Writer Returns From Vacation in Greece – Shocked and Disillusioned

Jean Quatremer is an well-known author and a professional reporter with the French paper Libération. He recently returned from his summer vacation in Greece. Apparently shocked and disillusioned; tax evasion has become a national sport, 30 – 40 percent of the GDP is generated through the black economy and the country is run by a real mafia, he writes in an outburst on his weblog.

“Everywhere, signs of easy money are there: Easy money obtained through European regional aid, and the umbrella of the euro which allowed the state to borrow more than is reasonable, and hire several hundred thousands of civil servants who now owe their position to their political loyalty.”

Jean Quatremer

Personally, I don’t quite understand why Mr. Quatremer is so upset. He says he’s been on regular vacations in Greece  for the last 30 years, and what he’s seeing and describing has been there all the time. (I have been on vacation in Greece, too.). But maybe his anger represent the rude awakening for many Europeans who now realize they are being forced to pay for someone else’s party?

What’s also ironic, is that the things Jean Quatremer now is observing as signs of corruption, greed and mismanagement – the fleet of brand new cars, the roads and buildings under constant construction and the huge piles of cash behind the bars at the waterfront – not long ago was seen as signs of progress.

But that makes Mr. Quatremer’s commentary even more interesting, known for his “behind the scenes” books about the European community.

The scenery of Europe is obviously about to change.

Here are a few samples of Jean Quatremer’s writing:

“After a dinner attended by a dozen guests, we ask for the bill. It arrives on a piece of paper that has nothing official: I am surprised and asks if we can have tax receipt.  Gene my Greek friends. No, the boss does not provide official documents.  Is it possible to pay by credit card? Sorry, we truly regret that the tavern does not have a terminal ad hoc. In other words, here we are in the black economy: no receipt, only the liquid and therefore no tax or a tax symbolic. This tavern is far from an isolated case: none of the restaurants on the island does not issue official receipt, and you can pay in cash.”

Yeah, that’s the Greece we know…

“Prime Minister George Papandreou and Minister of Finance Evangelos Venizelos can not say that fraud is discreet,” Mr Quatremer notes.

Well, I don’t think they ever said that. Anyway, the French writer hammers on:

“The whole island seems to work in black: the work in the houses are without a receipt, as evidenced by a friend crossed the exit port of a bank with an envelope full of notes 100, 200 and 500 euros. “You understand is that or a 23% VAT.  Anyway, if you ask for an invoice, the work will fall behind.” While the bars on the waterfront issue receipts, “but only on the terrace, because it is in public. Inside, however, all is not received,” says a veteran.”

“Tax evasion remains a national sport, the black economy is estimated between 30 and 40% of GDP. If the tax was not corrupt and efficient, it is not (I refer you to Transparency International Chapter of corruption), much of the Greek problems could be resolved.”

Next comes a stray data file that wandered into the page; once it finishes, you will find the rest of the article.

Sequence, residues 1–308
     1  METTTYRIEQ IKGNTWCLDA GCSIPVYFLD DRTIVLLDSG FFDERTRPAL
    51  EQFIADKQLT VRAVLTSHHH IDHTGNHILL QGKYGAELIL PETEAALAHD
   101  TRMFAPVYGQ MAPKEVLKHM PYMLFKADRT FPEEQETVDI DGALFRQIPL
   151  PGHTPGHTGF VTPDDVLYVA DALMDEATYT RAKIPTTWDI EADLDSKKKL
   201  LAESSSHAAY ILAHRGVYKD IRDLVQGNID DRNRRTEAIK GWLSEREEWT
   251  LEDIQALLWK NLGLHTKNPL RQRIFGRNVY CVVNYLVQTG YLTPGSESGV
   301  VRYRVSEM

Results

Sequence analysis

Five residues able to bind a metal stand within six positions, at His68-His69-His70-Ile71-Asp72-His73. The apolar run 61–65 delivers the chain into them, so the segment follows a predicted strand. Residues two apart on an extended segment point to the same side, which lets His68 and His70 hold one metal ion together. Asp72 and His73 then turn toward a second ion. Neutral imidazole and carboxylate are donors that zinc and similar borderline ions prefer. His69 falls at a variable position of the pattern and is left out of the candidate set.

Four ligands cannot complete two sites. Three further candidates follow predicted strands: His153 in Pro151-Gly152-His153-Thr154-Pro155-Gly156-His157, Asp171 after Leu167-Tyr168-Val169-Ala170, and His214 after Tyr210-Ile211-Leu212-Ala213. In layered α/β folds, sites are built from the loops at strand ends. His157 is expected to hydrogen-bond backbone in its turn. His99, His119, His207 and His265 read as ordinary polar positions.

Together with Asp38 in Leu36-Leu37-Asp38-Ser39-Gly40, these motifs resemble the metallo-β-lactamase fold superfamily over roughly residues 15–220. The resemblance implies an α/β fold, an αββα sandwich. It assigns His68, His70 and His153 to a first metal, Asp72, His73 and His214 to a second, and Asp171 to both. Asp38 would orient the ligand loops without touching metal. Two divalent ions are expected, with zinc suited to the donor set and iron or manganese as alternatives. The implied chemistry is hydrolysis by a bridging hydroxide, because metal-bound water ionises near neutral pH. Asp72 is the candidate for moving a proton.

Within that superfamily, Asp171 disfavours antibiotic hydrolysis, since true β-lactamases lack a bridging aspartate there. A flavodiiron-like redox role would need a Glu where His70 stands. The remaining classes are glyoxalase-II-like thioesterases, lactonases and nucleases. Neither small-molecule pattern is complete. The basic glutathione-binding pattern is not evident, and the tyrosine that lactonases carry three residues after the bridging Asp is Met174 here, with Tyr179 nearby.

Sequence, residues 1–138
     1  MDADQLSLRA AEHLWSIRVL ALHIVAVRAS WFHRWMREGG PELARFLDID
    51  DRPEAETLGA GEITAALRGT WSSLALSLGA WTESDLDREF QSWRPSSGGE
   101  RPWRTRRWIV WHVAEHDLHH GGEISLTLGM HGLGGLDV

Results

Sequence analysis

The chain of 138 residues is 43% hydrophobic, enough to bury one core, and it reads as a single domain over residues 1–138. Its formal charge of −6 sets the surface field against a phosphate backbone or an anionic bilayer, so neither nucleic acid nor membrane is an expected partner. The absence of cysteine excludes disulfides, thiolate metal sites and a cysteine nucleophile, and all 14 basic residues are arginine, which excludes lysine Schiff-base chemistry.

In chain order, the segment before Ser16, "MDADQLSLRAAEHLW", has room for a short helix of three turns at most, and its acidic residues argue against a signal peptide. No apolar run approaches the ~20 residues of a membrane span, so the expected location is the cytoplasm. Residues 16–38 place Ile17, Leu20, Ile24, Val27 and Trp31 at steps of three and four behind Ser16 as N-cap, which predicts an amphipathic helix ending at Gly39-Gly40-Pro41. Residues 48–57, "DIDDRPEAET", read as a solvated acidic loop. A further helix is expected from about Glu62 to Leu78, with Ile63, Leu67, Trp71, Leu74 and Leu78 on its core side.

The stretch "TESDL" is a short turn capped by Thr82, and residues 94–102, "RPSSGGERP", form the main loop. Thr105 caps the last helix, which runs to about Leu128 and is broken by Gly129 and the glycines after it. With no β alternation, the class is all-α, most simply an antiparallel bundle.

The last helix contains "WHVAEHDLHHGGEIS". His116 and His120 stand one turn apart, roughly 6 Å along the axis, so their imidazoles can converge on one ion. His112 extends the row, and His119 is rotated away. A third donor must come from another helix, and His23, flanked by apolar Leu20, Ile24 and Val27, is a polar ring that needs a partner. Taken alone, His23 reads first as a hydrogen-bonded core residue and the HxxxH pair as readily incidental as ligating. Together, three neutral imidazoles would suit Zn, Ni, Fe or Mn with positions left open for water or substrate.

“Without a thorough investigation, simply to walk through Greece, as I do during the month of August, to realize that this country is still far from Europe, far away.”

Wow! After 30 years?!

“I made several reports in Greece over the last eighteen months.  But it is a country I know for a long time to spend regular vacations (the first was in 1981, just after his accession to the EEC at the time). I saw the European structural funds flowing into this country, like a bottomless pit. If, since 1988, the Union paid the equivalent of 3 to 4% of Greek GDP per year, which is huge, much has been diverted: for example, the Athens-Thessaloniki highway, which is still not completed more than thirty years after the start of work has been funded two or three times the minimum, thanks to European funds.”

Interesting. That’s exactly what Polish analyst Jaroslaw Suplacz says is happening in Poland, too. (Except nobody cares about Poland at the moment).

See also: 

“The European money was mainly used to support consumption instead of being invested in infrastructure projects, research (Greece is the laggard in the EU public and private investment in this strategic sector ) or education to prepare tomorrow’s growth,” Mr. Quatremer writes.

“Everywhere, signs of easy money are there, an easy money obtained through European regional aid and the umbrella of the euro which allowed the state to borrow more than is reasonable, and hire several hundred thousands of civil servants who now owe their position to their political loyalty.”

“It is no accident that Greece imports three times more than it exports.  It is, for example, became one of the leading European markets for luxury cars: During my vacation, I’ve never seen, except in Germany, all of Porsche, Audi, Mercedes, BMW (1 Series to X5), Lexus and all the rest .., A fleet (there are more cars per capita than in France) unrelated to the real wealth of the country.  In front of a modest house of the historic center of Ioannina, and I saw two German cars in the garage that were worth about 100,000 euros.”

“Europeans may have to pay a long time for the Greek error,” Mr. Quatremer concludes.

Jean Quatremer

Well, thank you very much! Some of us have figured that out, already…

However, the Travel Notes of a tourist in Greece” by Jean Quatremer is well worth a read, and herby recommended.

Original post here.

Google-translation to English here.

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Filed under International Econnomic Politics, Laws and Regulations, National Economic Politics, Philosophy

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